Re: [Classic_Rock_Forever] Re: In Prog We Trust: Five Progressive Rock Bands You Hate, But Shouldn't


Gong has an elaborate mythology, much better constructed and played
out than Frank Zappa's similar attempt at a mythology (or whatever he
calls his - I seem to remember him calling it a mythology on the
Apostrophe album)

Even Gong's original members still evolved the Gong mythology in their
solo work.

In my mind, the original Planet Gong trilogy is them at their finest,
although Daevid Allen's 'New York Gong' was exceptional as well.

But Gong is more on the Jazz side (i.e. Jazz Rock - if one could say
that). I wouldn't call Gong 'Prog' per se, I would think of Van Der
Graaf Generator (and then later, Peter Hammill), Gentle Giant, or King

I wouldn't even consider Rush as Prog, they are way to firmly
ensconced in the Classic Rock realm to me, Rush's earlier musical
simplicity giving way to much more musical complexity over the years,
but I don't see where they became Prog in all that, because they
definitely weren't Prog in the beginning. King Crimson is definitely
considered Classic Rock, but they showed their Prog Rock roots from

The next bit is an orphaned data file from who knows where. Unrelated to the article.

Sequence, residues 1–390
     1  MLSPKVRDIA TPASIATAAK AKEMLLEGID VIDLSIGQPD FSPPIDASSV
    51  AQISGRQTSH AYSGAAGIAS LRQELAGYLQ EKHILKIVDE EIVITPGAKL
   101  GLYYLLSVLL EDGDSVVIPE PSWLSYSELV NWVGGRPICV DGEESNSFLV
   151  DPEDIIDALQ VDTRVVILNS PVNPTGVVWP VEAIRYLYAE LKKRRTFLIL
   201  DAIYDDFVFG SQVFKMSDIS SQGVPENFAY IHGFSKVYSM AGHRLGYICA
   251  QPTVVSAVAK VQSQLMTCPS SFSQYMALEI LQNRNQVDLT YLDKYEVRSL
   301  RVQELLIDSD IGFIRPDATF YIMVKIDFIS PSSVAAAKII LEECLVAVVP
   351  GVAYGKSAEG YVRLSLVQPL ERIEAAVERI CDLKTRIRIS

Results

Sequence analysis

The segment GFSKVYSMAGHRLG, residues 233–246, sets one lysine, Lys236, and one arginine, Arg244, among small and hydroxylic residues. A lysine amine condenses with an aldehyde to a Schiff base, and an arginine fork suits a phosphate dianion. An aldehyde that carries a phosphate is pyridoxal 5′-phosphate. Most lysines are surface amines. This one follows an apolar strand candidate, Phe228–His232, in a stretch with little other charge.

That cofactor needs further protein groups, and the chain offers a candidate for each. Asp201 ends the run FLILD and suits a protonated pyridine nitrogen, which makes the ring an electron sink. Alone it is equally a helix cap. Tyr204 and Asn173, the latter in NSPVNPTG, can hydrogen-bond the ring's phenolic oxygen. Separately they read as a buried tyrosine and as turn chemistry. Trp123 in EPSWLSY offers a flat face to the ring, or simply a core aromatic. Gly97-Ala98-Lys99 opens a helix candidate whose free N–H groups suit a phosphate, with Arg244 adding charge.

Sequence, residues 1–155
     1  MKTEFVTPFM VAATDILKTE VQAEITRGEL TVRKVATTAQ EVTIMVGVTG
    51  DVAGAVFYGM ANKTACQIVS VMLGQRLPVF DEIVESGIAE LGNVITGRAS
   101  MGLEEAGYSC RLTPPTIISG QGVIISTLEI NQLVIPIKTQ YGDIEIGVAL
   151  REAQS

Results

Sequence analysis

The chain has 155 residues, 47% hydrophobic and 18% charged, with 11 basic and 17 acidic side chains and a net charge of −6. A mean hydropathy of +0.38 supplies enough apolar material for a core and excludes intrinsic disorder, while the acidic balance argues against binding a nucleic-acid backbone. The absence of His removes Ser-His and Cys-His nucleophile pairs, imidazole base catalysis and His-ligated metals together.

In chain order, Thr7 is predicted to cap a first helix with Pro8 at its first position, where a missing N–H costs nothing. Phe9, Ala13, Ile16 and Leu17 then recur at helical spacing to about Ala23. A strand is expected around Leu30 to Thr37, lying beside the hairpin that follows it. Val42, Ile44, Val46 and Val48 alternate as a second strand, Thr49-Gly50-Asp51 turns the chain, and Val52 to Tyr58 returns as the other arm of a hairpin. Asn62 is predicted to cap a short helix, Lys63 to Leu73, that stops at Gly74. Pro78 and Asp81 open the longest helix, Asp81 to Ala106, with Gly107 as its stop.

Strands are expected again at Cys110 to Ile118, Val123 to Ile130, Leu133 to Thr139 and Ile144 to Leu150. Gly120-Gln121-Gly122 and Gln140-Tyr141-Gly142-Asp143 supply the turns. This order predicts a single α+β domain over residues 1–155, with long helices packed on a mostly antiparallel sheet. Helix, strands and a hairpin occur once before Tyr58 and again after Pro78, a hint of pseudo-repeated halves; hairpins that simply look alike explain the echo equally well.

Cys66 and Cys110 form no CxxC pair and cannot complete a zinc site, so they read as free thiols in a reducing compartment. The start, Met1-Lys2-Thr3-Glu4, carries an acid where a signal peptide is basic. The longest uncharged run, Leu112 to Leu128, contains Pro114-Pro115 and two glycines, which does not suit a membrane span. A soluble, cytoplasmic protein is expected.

the very beginning, and they only became Classic Rock after they had
already become famous Prog rockers.

On Thu, Mar 1, 2012 at 11:18 AM, Cfh <> wrote:
> I was wasting a coffee break the other day wandering about Vintage Vinyl
> (used record/cd/head shop) the other day. One of the fun bits about that
> place is that whoever is running the turntable in there, gets to choose the
> music.
> The song that was playing was excessively long and instrumental, and
> extremely good. I didn't recognise the group at all, and after 5 or 10
> minutes I asked the fellow, who was I listening to. Answer was a group
> called 'Gong'. Which he informed was a proggy group from the 70's. I have
> never heard of these guys at all. Turns out they have a history, and while I
> don't know if I'll ever buy any, I was intrigued.

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